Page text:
Making More Room for Cars Is Exactly What Federal Boulevard Doesn’t Need
Crossing Federal Boulevard on foot is a small act of death defiance. It’s wide, it’s fast, and in 2015, drivers struck and killed four people walking on the street.
Federal is the type of street Denver should have started redesigning yesterday in order to reach Mayor Michael Hancock’s stated goal of eliminating traffic deaths. But even as nearby neighborhoods prepare to absorb more residents, the city is still prioritizing car traffic at their expense.
A recent Denverite article highlighted all the private and public investment anticipated for neighborhoods near Federal like Sun Valley, where denser development is expected to transform the area. Denver Public Works and Colorado DOT would have you believe that the way to plan for that growth is by making it easier to drive.
Reports Denverite’s Adrian D. Garcia:
The city of Denver is expected to start traffic improvements on the boulevard in the fall. The goal is to make the stretch from West Seventh Avenue to Holden Place safer and more accessible for drivers and pedestrians who live in the nearby communities, said Heather Burke, city spokeswoman.
Planned improvements include adding a third northbound lane between West Seventh and West 10th avenues, a raised median along the corridor to improve mobility and safety, and sidewalks improvements for better access to public transit options.
“Adding a third northbound lane, as well as making other multimodal improvements, will keep commuters moving along the corridor safely as Denver’s population continues to grow,” Burke said in an email.
Stop right there. As long as the city is widening streets for cars, “other multi-modal improvements” are just window dressing. The added lane is going to generate more traffic, more speeding, and a more hostile environment for walking.
The article continues:
Some of the new commuters in the area will include the more than 600 employees expected to work at CDOT’s planned headquarters at the northeast corner of Howard Place and Federal Boulevard.
The new facility could cost up to $48 million to develop and is expected to include a 175,000-square-foot office and four-story parking garage that will be shared with the nearby Mile High Stadium on game days, said Stacia Sellers, CDOT spokeswoman.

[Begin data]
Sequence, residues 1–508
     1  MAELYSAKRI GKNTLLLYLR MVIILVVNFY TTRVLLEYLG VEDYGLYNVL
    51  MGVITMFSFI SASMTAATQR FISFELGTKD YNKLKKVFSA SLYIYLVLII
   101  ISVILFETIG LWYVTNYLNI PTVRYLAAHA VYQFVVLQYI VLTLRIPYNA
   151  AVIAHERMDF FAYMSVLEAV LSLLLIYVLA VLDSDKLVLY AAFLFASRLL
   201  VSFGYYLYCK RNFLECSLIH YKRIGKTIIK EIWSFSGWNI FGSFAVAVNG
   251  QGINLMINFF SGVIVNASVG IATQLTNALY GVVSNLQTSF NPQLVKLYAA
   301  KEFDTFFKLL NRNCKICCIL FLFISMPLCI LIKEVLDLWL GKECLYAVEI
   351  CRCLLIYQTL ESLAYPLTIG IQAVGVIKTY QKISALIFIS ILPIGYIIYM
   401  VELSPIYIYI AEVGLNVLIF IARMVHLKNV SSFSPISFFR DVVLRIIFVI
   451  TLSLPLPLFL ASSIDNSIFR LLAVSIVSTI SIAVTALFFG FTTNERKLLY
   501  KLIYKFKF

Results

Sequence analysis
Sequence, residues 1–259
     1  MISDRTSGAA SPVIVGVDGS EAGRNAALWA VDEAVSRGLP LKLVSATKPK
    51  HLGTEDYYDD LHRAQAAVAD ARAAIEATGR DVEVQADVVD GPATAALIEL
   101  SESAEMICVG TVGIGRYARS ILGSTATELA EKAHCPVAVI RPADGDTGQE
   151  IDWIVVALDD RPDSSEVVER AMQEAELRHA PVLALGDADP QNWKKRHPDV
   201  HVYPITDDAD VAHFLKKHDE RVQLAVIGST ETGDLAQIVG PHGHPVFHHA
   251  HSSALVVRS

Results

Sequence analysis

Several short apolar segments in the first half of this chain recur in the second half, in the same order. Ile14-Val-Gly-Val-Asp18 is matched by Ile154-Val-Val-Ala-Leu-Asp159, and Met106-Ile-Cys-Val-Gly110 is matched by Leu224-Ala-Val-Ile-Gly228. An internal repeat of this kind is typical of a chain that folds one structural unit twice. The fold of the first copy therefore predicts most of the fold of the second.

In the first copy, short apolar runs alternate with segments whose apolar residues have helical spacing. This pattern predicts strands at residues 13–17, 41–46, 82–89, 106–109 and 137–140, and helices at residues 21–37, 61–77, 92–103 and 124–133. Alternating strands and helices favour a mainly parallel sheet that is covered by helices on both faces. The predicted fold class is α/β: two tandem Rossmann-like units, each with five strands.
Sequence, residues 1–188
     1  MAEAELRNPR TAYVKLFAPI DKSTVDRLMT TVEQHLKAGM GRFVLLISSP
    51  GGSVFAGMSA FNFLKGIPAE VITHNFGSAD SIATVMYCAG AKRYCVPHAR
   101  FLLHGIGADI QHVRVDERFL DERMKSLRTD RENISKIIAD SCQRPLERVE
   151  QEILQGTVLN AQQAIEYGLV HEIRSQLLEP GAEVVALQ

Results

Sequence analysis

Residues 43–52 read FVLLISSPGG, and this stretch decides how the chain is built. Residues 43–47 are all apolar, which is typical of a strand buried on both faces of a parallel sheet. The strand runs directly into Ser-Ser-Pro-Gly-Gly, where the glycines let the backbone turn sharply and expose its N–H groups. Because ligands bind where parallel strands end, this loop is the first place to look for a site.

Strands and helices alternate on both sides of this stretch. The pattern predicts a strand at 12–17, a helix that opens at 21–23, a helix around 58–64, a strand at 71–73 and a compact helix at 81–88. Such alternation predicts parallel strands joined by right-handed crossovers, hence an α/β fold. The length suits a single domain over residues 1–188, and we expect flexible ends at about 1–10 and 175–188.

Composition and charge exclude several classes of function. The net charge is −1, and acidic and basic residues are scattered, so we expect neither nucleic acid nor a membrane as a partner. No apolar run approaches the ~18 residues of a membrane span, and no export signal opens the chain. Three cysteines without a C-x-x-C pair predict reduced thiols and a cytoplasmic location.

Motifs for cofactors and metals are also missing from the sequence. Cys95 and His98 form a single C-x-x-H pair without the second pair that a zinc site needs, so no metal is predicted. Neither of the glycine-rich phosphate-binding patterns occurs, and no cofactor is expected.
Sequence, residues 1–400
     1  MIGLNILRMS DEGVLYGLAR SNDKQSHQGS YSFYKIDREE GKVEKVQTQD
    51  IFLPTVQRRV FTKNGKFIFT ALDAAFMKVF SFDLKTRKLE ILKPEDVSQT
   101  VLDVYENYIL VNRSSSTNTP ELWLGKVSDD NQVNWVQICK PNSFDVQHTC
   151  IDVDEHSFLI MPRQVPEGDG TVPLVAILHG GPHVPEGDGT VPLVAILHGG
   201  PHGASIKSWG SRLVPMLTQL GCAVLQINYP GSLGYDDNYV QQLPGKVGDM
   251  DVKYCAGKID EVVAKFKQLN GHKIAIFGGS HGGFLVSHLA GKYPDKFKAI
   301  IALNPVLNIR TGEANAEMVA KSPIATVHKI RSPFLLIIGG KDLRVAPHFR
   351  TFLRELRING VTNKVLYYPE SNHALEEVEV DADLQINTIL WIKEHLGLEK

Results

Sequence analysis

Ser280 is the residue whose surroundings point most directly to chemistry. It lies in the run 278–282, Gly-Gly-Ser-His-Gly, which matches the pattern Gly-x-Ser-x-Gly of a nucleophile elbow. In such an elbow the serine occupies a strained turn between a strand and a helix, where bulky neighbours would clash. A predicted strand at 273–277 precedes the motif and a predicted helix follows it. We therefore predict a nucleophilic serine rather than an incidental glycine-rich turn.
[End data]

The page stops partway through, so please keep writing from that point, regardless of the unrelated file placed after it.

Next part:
There you have it — a wider roadway and a parking garage are going to anchor change on Federal Boulevard.
This is the same mindset from Colorado DOT and Denver Public Works that shaped Federal into a cars-first disaster in the first place. The results have been disastrous.
In 2015, drivers hit 28 people walking on Federal Boulevard, killing four of them, according to city data. The street is notorious for drag-racing, and some segments are missing sidewalks. Buses average 6.3 mph during afternoon rush hour. People have to cross between 78 and 96 feet of traffic to get to the other side, and often have to walk a half-mile to find a signalized crosswalk. About 45 percent of Federal’s sidewalks butt right up against traffic, with no buffer. Officials don’t even want people biking on Federal because it’s so dangerous.
During the planning process for the Federal Boulevard project, DPW and Colorado DOT shrugged off suggestions from the public to make the street safer for people to cross the street, a huge disservice to everyone who already walks there. Federal is home to two high schools, two universities, health centers, supermarkets, innumerable restaurants and stores, and a mix of apartments and single-family homes. It’s the city’s second-busiest transit corridor and gets a ton of foot traffic.
Even with more people on the way, the city has not progressed beyond car-centric planning along this important corridor.
Better ideas can be found in Denver Public Works’ “vision” for Federal, but even that document aims low, is purely conceptual, and completely unfunded.
Meanwhile, construction to widen Federal Boulevard starts this fall.